When applying for a home loan through the Federal Housing Administration (FHA), it is sometimes necessary to write a letter explaining any credit difficulties you have had in the past. The FHA does not lend the money directly to the home buyer, but rather insures the loan made from the bank or other financial institution. Essentially, the FHA is guaranteeing the bank that the loan will be paid.
Get a copy of the credit report that your lender is using. Ask the bank to send you a copy, or have a copy mailed to you.
Make notations on your credit report of anything you believe is incorrect. It is important that you are able to prove that these items are incorrect, so that they don't count against you.
Make a list of positive reasons that you chose this home and location.
Make a list of the reasons you have negative items on your credit. If you had a personal challenge, such as a divorce or medical issue, it's important to be honest about it. The fact that you overcame the issue and are now on the road to financial and personal recovery should be a source of positive motivation in the letter.
Write a first draft of your letter. If you have family nearby, then say so. If you are about to start a family or have other motivations, then it is important to let the lender know this. These items won't negate a poor credit history, but they will show that you intend to stay in the home and make it your primary residence for a long time.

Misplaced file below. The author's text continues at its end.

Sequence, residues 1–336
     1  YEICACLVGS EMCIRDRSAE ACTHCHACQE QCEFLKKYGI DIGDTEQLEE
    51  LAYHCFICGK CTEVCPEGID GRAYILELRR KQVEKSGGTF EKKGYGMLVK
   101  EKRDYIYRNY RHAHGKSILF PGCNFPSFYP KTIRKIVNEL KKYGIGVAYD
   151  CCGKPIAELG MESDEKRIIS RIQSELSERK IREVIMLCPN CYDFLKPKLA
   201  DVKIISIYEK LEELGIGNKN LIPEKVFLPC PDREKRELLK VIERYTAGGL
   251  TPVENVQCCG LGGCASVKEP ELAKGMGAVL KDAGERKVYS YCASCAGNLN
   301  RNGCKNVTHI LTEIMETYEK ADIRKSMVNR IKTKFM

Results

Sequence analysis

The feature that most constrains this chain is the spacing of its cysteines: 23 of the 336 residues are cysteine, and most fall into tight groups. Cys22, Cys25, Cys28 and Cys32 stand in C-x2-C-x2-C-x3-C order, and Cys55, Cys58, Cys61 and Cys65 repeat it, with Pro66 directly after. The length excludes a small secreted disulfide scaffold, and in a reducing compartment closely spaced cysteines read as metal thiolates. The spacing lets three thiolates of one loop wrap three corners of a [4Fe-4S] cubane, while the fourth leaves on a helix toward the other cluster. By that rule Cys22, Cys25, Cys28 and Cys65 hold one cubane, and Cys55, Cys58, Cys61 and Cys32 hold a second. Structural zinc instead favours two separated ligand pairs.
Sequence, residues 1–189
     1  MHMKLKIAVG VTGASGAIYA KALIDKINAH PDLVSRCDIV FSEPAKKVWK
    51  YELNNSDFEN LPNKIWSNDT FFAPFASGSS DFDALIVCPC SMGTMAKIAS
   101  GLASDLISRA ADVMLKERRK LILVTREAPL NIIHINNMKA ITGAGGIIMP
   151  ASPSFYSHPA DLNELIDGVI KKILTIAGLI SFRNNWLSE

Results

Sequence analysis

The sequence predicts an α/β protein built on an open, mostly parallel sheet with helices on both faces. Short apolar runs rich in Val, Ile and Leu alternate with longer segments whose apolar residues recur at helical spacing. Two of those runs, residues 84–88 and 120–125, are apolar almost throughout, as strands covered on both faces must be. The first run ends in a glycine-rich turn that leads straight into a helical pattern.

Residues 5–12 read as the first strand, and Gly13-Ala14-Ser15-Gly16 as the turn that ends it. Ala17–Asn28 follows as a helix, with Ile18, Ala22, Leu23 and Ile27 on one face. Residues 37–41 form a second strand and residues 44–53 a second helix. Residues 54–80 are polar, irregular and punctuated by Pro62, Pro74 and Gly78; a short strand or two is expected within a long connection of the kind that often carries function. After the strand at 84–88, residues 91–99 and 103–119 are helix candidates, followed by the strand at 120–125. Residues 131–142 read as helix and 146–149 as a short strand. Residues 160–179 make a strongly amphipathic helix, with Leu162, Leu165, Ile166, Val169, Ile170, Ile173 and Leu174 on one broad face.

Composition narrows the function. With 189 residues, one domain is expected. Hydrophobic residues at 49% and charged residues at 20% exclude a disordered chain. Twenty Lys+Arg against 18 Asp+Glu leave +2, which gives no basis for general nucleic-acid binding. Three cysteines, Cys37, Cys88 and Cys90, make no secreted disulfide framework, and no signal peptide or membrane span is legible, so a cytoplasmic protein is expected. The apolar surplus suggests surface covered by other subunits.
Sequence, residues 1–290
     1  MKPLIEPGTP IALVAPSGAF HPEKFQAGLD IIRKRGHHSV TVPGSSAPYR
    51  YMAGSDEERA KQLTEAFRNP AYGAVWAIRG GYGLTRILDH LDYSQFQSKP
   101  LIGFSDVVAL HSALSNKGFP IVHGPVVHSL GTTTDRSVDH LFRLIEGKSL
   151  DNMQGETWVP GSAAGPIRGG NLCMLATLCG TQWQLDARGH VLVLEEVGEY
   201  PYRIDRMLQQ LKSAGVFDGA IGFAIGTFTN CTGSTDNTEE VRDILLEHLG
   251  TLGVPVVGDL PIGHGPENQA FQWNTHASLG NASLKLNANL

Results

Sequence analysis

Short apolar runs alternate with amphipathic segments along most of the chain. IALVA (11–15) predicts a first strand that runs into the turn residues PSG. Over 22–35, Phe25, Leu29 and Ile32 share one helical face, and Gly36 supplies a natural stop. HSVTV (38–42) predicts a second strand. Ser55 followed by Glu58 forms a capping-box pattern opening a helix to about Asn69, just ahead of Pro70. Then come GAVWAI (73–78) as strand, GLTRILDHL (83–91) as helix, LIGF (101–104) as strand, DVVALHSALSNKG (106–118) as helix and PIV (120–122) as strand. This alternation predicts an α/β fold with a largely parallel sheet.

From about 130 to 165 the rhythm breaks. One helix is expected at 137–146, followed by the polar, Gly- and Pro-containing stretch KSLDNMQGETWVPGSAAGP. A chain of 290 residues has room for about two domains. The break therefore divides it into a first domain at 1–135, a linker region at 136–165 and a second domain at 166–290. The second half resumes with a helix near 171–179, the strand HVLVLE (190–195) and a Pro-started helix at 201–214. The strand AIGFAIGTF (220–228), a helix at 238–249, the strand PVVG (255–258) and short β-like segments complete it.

Ask someone you trust and respect to read over the letter before you make a final draft. This could be anyone from a parent, former teacher or professor or to a friend that is known to be well-written. You don't have to take all of their advice, but they may be able to point out places where you can strengthen your letter.
Rewrite your letter in a word processing program on a computer. Use proper business letter format (see Resources).
Keep your letter to no more than one or two typewritten, double-spaced pages. It's important to be thorough, yet concise when presenting your information.